Christianity is doing well outwardly so far as money, power and counting of souls are concerned, but inwardly it is facing an acute problem. The last century saw the rise of a rationalist movement which found Christianity wanting in reason. During the same period, Eastern religions have also been getting better the same known and their challenge has been equally far-reaching. They hav shown that Christianity’s spiritual and ethical worth is no better than its rational worth.
They challenge the very foundations of “revealed” religions. Christianity offers to give us a revealed truth of which it claims to be the sole custodian. The Eastern religions on the other hand tell us of a truth which is “hidden” within man himself; they say that much of man remains unknown to himself; they ask him to seek this “hidden” and unknown” to himself. Thus they speak of truths which are man’s own, which is part of him, which reside in every heart, and which a man seeks and finds in his deeper moments. By the same token they speak of a truth which is not mere history or historical but which is true for all time and all people. In one sense, this truth is also a revelation, manifesting what is hidden, but it is different in conception and has little to do with revelation of revelatory religions. It is a revelation which man is over seeking and over finding within him. Here there are no special messengers with their exclusive revelations and no special agencies to propagate them further. Here also are no dogmas but only verifiable truths, truths open to all. Ehi Passa, come and see for you, the Buddha says.
By the same token these truths have no geographic connotation they are merely Eastern in a manner of speaking. Probably they were most developed and best preserved and still exist as a living tradition in India but they belong to all genuine seekers coming from different times and places Egypt, Greece, Europe, the Americas, etc. Pythagoras, Plato, Apollonious, Plotinus, Stoics, Hermetists, Gnostics are fully eastern. European seekers are already discovering a pre-Christian Pagan Europe which was closer to the East in its spiritual orientation. In this way they are also rediscovering their religious past and their Gods. It should work for their religions self-renewal.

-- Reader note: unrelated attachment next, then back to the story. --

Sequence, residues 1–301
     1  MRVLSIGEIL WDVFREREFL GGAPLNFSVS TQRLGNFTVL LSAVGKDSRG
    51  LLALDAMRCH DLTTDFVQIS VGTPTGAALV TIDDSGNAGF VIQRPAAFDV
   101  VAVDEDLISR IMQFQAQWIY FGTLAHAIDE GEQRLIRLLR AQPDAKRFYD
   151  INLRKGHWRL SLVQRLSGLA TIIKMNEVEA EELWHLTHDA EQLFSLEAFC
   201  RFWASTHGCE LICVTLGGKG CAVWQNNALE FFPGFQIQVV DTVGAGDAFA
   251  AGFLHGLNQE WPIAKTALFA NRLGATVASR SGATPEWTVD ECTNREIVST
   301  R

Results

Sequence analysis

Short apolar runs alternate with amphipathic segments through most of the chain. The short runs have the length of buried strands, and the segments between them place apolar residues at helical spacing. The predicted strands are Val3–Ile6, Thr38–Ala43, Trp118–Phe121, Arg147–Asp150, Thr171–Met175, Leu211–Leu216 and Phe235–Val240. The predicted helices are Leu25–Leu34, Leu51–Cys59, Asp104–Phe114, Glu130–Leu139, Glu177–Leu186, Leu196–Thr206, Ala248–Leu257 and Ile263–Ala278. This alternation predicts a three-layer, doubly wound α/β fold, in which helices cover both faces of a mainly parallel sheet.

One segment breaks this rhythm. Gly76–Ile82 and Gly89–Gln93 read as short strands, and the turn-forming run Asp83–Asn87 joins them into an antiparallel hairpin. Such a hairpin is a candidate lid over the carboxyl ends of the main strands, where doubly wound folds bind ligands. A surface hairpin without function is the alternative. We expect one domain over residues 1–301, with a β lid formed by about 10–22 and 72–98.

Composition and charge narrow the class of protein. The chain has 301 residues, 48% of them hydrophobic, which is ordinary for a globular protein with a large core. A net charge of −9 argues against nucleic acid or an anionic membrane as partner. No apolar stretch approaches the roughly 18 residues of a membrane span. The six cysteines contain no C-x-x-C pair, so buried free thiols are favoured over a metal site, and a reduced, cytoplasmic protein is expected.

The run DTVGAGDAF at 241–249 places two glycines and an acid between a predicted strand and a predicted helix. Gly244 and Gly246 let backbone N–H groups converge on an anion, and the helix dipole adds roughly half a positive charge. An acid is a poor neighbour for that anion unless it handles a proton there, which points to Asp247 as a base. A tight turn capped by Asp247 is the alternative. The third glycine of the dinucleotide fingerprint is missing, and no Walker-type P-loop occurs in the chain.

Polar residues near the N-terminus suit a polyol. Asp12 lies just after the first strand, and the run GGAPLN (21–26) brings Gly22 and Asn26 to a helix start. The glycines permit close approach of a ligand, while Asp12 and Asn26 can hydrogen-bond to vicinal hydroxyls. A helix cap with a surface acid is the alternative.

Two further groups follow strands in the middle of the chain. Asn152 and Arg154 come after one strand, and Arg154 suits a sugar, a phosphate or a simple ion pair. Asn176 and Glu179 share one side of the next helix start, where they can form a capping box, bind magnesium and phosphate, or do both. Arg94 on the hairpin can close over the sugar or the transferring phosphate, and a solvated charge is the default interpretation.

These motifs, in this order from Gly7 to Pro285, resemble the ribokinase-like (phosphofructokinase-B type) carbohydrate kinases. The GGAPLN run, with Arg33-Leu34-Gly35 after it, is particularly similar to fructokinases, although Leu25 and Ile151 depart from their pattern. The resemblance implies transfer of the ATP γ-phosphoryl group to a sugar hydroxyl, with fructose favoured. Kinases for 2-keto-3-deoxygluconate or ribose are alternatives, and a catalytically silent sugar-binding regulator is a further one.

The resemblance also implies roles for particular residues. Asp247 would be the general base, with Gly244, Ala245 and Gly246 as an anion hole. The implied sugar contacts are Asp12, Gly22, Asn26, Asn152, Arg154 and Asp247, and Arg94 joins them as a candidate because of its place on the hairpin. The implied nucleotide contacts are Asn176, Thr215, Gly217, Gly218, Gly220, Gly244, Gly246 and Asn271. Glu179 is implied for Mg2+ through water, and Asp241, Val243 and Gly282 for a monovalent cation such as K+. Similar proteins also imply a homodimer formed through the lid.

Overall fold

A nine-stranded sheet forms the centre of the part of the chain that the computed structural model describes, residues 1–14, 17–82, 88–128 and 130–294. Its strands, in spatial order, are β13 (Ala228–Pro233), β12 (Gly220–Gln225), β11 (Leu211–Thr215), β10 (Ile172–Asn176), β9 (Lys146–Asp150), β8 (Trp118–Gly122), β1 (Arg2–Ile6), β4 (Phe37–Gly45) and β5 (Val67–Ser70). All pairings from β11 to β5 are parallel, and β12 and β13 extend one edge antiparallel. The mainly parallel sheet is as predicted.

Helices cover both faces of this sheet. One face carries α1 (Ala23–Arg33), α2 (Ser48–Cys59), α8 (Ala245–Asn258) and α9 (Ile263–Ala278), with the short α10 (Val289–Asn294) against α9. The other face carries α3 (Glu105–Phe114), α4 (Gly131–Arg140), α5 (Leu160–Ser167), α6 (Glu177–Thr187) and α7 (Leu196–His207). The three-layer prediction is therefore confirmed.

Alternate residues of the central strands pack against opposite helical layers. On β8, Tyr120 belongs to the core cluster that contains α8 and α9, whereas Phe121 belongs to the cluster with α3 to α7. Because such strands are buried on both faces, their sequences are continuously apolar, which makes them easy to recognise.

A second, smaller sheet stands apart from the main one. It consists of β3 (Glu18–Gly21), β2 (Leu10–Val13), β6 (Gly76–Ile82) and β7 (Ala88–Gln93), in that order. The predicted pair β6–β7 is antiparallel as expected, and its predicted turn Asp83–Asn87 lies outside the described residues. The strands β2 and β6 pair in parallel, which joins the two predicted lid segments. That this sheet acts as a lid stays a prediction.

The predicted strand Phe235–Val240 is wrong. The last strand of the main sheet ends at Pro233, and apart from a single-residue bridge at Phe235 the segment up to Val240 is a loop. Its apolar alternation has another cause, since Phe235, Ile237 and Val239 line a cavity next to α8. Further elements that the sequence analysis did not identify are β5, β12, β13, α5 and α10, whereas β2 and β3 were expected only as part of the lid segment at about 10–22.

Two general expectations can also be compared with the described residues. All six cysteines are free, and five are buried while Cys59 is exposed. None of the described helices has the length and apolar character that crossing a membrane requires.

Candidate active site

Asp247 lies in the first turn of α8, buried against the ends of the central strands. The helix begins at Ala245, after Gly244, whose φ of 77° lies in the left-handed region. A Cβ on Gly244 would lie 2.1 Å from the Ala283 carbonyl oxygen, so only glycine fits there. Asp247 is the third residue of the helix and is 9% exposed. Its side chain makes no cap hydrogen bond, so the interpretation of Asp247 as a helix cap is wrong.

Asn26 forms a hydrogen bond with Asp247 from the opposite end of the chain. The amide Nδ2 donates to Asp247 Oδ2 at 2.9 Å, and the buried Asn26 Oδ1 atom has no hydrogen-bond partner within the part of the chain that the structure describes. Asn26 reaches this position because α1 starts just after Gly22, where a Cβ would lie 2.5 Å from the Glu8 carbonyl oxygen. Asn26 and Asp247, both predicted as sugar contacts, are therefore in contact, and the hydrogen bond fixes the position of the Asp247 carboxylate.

Recently the Church has invited dialogue with other religious. For several centuries, Christianity has been at the Top and it has conditioned our minds to think about it and, what is even more important, about ourselves to in a particular way. In this guided dialogue, it was expected that we would keep to these programmed thoughts. Bu think of Christianity or of themselves as it does and wants them to do. They have now their own thoughts about is as well as about themselves.
This volume could be regarded as our contribution to the above dialogue. It does not accept Christianity’s view a Hindu-Buddhist view of both. It continues the work begun in our The Word as Revelation: Names of Gods and carried on in our Hindu View of Christianity and Islam.
The book is written in reply to the Pope’s but the intention is not polemical. It could even be delinked from its immediate occasion and read independently. The idea is not to find faults but to warm against clichés, and to promote, deepen and broaden understanding of the subject and to serve truth.
Brahma Sutras (81)